you are here:   / News & Insights / Engineering Advantage Blog / Missing any Modal Mass?

# Missing any Modal Mass?

July 12, 2016 By: Peter Barrett

Unlike tall buildings and other relatively flexible systems, nuclear power plants and other stiff structures may have important natural vibration modes at high frequencies. In most cases, it is not practical to calculate these high-frequency modes, which are typically not excited by the seismic or instructure motion, with sufficient accuracy to warrant the effort. If only the lower modes are included in the dynamic analysis, the mass associated with the high frequency modes are excluded from (i.e., is “missing” from) the dynamic analysis. In this case it is still important to account for the residual rigid response that has significant natural vibration modes at higher frequencies. Ignoring the residual rigid response in these cases may result in underestimation of element forces, moments and associated stresses. It is also important to account for the contribution to support reactions of mass that is apportioned to system support points. The residual rigid response of the missing mass modes can be calculated using the Missing Mass method as documented by Kennedy (Ref. 1) and summarized in the ANSYS theory manual shown in Figure 1. Use of the Missing Mass method for calculating the contribution of high frequency modes and support reactions is acceptable for both response spectrum analysis and modal superposition time history analysis.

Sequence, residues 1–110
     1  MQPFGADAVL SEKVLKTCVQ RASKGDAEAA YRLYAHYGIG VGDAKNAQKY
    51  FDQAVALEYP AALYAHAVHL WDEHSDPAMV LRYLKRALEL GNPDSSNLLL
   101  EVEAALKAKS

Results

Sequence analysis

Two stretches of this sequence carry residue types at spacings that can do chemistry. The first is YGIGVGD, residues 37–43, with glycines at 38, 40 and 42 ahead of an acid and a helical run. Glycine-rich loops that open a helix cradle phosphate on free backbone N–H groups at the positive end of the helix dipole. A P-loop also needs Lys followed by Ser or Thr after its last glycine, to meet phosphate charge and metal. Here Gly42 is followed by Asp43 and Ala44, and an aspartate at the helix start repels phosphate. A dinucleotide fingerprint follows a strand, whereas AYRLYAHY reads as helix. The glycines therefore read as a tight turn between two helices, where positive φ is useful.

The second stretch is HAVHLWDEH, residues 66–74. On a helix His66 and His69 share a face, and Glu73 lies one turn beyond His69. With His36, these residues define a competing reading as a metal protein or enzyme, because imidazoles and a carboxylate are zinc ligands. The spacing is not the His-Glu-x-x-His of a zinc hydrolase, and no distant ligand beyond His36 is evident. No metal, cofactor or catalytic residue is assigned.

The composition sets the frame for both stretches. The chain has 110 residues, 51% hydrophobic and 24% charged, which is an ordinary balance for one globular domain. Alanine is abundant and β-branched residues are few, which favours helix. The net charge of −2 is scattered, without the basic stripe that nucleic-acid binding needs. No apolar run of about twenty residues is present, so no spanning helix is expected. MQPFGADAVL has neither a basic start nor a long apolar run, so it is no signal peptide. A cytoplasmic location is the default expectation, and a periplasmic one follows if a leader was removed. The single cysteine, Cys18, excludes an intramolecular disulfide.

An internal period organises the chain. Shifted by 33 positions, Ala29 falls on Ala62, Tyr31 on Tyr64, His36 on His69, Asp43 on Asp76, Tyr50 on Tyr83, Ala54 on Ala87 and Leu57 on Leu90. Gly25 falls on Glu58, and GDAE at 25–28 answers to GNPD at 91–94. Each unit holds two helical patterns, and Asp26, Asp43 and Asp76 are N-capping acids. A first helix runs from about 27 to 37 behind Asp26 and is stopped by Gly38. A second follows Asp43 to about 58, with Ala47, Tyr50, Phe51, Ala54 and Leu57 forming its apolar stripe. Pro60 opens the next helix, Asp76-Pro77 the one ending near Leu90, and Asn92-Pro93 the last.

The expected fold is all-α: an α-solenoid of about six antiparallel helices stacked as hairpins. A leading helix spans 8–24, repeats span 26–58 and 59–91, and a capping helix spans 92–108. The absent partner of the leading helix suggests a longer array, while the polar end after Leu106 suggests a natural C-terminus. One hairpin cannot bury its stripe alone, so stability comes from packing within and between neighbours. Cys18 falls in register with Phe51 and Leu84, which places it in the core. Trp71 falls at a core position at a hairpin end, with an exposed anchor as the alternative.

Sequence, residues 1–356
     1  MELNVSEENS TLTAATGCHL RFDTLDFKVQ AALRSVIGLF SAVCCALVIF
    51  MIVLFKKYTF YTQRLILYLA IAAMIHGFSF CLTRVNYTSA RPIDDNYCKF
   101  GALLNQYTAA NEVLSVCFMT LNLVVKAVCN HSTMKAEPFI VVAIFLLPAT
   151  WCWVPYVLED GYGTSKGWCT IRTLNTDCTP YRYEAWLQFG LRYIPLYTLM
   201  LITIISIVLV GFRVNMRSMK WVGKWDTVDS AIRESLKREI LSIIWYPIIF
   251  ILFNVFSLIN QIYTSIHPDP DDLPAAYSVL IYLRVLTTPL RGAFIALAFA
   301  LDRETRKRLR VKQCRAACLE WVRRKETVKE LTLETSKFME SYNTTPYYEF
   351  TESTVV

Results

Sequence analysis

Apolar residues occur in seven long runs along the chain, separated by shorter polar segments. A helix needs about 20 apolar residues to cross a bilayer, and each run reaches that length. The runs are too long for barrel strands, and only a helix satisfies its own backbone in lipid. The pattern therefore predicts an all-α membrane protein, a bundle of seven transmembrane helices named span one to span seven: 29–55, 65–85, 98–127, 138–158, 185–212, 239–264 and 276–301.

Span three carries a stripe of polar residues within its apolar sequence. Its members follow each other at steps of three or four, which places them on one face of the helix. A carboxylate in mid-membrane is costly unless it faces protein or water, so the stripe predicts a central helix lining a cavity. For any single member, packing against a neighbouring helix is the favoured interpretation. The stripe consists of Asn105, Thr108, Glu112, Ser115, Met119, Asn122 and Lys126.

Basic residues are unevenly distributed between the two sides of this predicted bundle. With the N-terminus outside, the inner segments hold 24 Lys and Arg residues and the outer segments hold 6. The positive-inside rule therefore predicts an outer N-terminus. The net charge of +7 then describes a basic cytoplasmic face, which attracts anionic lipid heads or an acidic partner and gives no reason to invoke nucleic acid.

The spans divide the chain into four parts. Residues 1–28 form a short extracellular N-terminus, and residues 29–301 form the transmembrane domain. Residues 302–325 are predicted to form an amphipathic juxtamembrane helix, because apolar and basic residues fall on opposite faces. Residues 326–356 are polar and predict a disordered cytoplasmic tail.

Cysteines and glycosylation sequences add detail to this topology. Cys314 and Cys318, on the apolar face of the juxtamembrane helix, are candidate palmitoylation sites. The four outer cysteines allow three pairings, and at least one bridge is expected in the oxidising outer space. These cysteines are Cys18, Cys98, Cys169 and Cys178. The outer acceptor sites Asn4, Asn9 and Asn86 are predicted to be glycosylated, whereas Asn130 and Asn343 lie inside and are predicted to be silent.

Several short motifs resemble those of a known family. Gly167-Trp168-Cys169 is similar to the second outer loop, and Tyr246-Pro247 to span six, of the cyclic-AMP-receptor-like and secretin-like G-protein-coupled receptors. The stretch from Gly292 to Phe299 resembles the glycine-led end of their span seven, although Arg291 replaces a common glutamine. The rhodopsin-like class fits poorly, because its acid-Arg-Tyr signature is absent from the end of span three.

Figure 1: Excerpt From ANSYS Theory Manual on Missing Mass Calculation

## Missing_any_modal_mass_1.png

An example seismic response spectrum analysis of a piping system (Figure 2) is used to demonstrate the efficiency of utilizing the missing mass method to account for the high frequency response and support mass.

Figure 2: Example Piping System to Demonstrate Missing Mass Method (Total Mass = 8.25)

## missingmass2.png

Analyses are performed with increasing number of modes included in the analysis, with and without the missing mass method active. Figure 3 illustrates the X-direction spectrum analyzed.

Figure 3: X direction Response Spectrum Applied to Base Supports

## missingmass3.png

Comparisons of the mass excited, peak stress, and reaction forces (locations shown in Figure 4) are illustrated in Table 1.

Figure 4: Nodal Support Locations

## Missing_any_modal_mass_2.png

A review of Table 1 shows:
•    The missing mass method produces reasonable results for peak stress with as few as 5 modes included in the modal analysis. 20 modes were required if the missing mass method was not used.
•    In the example, the reaction forces are computed correctly only with the missing mass method active, even when 200 modes are used. (Attachment forces can also be correctly computed without using the missing mass method if a support block is modeled, instead of connecting the structure directly to ground)

I hope you found this blog interesting. I would be interested in how others have incorporated the missing mass method into their dynamic analyses.

(1) R.P. Kennedy, “Position Paper on Response Combinations,” Report No. SMA 12211.02-R2-0, March 1984. Published in “Report of the U.S. Regulatory Commission Piping Review Committee: Evaluation of Other Dynamic Loads and Load Combinations,” NUREG-1061, Vol. 4, December 1984, Washington, DC, available through ADAMS under Accession No ML11343A0343.